By any estimation Charles Waldstein (later Walston) was an interesting man.

Born into a Jewish family in New York in 1856, he was the Director of Cambridge’s Fitzwilliam Museum, the archaeologist who excavated Aristotle’s tomb, and both an organiser of and competitor in the Games of the First Olympiad, held in Athens in 1896.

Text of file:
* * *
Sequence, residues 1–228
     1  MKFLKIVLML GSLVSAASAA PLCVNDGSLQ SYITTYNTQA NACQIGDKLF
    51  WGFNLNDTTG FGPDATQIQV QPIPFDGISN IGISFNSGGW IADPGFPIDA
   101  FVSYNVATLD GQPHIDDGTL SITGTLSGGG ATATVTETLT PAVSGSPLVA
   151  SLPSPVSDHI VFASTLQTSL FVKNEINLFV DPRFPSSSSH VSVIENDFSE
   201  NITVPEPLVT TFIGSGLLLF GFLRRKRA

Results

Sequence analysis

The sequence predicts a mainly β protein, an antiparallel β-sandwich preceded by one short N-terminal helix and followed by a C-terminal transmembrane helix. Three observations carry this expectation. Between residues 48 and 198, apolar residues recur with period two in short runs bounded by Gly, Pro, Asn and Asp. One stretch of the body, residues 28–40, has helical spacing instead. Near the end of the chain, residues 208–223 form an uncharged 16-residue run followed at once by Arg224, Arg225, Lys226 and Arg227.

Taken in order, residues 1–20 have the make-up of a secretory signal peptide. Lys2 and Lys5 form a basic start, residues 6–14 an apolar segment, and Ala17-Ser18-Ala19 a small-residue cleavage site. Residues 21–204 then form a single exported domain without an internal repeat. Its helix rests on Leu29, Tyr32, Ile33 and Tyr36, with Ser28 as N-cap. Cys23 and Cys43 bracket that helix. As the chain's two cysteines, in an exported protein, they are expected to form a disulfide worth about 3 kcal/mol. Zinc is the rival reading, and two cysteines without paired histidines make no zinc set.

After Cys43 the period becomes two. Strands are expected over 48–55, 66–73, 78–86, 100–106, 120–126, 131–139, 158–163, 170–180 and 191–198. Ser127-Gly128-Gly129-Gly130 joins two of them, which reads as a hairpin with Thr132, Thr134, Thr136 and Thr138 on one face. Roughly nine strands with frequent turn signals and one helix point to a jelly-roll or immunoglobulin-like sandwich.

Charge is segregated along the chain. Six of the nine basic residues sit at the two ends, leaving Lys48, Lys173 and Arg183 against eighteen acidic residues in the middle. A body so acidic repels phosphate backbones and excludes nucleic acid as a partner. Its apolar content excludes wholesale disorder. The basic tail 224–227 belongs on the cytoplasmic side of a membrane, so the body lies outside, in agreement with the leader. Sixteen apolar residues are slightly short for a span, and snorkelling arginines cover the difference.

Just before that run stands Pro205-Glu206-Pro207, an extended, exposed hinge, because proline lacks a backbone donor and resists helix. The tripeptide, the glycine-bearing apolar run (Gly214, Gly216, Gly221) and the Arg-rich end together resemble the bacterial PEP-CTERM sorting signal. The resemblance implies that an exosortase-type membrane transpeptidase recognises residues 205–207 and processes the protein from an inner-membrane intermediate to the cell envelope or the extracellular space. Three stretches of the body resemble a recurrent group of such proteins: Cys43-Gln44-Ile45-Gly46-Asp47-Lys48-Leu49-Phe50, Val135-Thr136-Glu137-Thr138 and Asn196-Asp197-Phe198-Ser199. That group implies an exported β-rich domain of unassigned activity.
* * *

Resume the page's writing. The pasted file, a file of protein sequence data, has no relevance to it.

But Waldstein was also a firm believer in a subject about which we have been hearing a lot of late – student choice. Seen as the necessary and desirable corollary of enhanced competition, student choice is central to the current government’s higher education reform agenda. But as Waldstein’s comments in the early years of the twentieth century show, it is by no means a concept that is new to British universities.

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